I dont know if I am feeling this know your doctrine thing. Could you please tell me why you agree with it? I am curious to understand.

    And I dont know about this whole doubt thing you speak of? I think doubt is a strong thing that God uses with people (Although I cant speak on his behalf.) I would categorize having doubt and being cautious in the same field. I would rather someone have doubt and be cautious, than have a person so sure of themselves and prideful.

    With the answer you would give to a doubter. It left me in doubt. You would tell the doubter that God loves them and always has there best interests in mind what if they doubt that? Are they allowed to? Is it wrong? How can they be sure God is looking out for their best interest? How can he look out for everyone?

  • Is doubt really a choice we have? Like can I just choose not to doubt in something?

    That’s what I feel this post was about, being remarkably honest with myself on everything, and when I am, I feel a lot less confident on some issues than I thought I was (of course I just listed randoms above, but there are some like the Bible that i have a hard time concluding on what I actually beleive about it). I find myself extremly confident on other issues that I may have doubted before.

  • Ron,

    Good questions, thanks.

    By knowing your doctrine (though I never used this phrase) I meant to say that one must believe those things which are foundational to the Gospel, not nessessarily that one must have a stated opinion on every possible doctrinal subject. Personally I have yet to make up my mind on a number of topics, lately for example I’ve been wrestling with Baptismal Regeneration and I don’t think I’m going to land anywhere on the spectrum soon. Hope this is helpful.

    I used to think that doubt was a good thing. I used to even go so far as to say that doubt was part of the substance of faith. However I don’t think so anymore. How do you think God uses faith? Cautiousness is important, I agree. Not making up your mind on doctrinal issues before all options can be adaquately considered is part of this, I think. With all the theological fetishism going around the churches these day (especially in Reformed circles) I think that we would do well to recapture this. However I still maintain that there are things that need not be doubted. If God has planted the seed of faith in us and has watered it, why doubt? If we understand that Christ’s death and ressurection are for us, why doubt? In other words if God has allowed us to believe then we presuppose God is faithful inasmuch as He’s proven it to us in the Cross. Again, why doubt?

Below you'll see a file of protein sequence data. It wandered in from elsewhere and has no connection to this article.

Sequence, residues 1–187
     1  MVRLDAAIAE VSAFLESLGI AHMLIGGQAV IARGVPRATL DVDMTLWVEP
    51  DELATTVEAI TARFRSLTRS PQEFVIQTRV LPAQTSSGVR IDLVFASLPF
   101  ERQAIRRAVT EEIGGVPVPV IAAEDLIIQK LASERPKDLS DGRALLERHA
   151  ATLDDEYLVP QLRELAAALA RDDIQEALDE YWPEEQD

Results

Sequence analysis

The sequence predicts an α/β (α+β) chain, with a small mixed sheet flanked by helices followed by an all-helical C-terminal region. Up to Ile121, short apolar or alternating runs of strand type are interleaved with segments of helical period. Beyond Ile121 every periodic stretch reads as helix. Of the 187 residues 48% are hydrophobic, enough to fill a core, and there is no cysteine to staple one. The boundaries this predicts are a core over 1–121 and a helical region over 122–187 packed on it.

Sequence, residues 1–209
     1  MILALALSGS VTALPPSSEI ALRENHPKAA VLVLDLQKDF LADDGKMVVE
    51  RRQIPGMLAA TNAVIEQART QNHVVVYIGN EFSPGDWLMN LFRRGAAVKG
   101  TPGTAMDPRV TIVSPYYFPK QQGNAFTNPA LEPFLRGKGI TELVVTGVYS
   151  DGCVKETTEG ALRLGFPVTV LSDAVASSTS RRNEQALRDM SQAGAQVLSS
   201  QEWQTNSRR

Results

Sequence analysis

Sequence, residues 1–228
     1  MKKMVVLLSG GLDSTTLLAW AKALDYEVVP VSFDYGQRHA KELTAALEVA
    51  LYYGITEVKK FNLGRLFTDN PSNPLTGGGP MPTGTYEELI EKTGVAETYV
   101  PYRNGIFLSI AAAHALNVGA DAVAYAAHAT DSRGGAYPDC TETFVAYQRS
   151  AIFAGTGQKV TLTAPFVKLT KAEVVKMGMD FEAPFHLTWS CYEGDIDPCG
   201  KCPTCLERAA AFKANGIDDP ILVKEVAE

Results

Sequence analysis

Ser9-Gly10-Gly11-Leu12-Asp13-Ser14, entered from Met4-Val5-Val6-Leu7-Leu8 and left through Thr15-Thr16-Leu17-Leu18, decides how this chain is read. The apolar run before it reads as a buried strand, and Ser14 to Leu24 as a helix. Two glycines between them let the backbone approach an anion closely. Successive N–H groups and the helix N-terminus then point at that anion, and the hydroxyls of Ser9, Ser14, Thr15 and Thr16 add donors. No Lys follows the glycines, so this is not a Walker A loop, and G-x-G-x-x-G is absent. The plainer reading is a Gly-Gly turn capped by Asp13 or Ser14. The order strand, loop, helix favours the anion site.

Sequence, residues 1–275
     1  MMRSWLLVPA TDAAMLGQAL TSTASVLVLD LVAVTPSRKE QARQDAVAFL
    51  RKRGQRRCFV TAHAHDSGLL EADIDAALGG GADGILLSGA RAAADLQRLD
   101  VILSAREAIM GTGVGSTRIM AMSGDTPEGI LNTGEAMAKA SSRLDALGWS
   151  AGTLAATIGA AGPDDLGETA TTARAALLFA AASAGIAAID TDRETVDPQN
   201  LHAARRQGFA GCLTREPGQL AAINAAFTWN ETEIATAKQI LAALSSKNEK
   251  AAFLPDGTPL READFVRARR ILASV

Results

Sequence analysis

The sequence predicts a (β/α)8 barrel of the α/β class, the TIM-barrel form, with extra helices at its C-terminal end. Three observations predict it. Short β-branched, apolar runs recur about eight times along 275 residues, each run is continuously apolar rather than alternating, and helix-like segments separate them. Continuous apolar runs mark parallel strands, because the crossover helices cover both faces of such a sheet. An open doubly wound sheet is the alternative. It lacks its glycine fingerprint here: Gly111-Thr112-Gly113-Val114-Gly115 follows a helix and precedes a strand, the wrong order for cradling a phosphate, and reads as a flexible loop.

I wouldn’t worry if someone still doubted after I reasoned with them as I illustrated earlier. The working of faith is God’s work and isn’t the product of answers.

    Is this helpful?

  • Nate,

    Actually I do believe that the Christian, whose faith is given to him by God, can choose not to doubt. This, I think, is part of regeneration.

    I also don’t think that not being 100% sure about something can be different from doubt. To use the example of Baptism again, I’m unsure if the Bible teaches that we are regenerated through Baptism or it the Bible teaches that it is merely a sign of that regeneration given to infants. This isn’t because I disbelieve God or think that He has misled us in His infallible word but it is because I’m not sure weather it Baptismal Regeneration is Biblical. If the Bible teaches it then the believer is free to believe that with no doubting, if not then she/he must disbelieve it.

  • Although I disagree with your views on the Canon, I think we ought to chat about that another time. This discussion on faith is interesting.

    If a Christian, regenerated by the Spirit of God, doubts then it isn’t a case of not having enough faith but a case of not excercising that faith. Calvin would call this a lesser operation of the spirit but let’s not open that can of worms.

    If you didn’t believe in something deemed “non-essential” (although I intensely dislike that name) then it doens’t mean you’re unchristian. It merely means that iron should sharpen iron.

  • Ok, that makes sense. Not sure if I agree or not, guess its harder to agree on something like that because that would mean that God hasn’t given me ‘enough’ faith.

    What about things that the bible doesn’t teach, like beleifs about the bible itself. Because the bible doesn’t teach that we need to accept the canon as it is today as the infallible word of god. Essentially we have to take something like that by faith. What if someone doesn’t have that faith?

  • you got served!!!